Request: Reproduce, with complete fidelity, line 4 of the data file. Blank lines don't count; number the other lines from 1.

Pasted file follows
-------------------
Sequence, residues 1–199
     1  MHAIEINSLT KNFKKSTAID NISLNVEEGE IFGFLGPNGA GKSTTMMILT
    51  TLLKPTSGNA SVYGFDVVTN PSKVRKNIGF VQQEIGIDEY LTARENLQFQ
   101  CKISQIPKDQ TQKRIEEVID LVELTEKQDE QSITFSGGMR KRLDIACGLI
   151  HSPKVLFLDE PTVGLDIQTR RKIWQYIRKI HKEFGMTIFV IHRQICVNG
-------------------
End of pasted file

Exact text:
   101  CKISQIPKDQ TQKRIEEVID LVELTEKQDE QSITFSGGMR KRLDIACGLI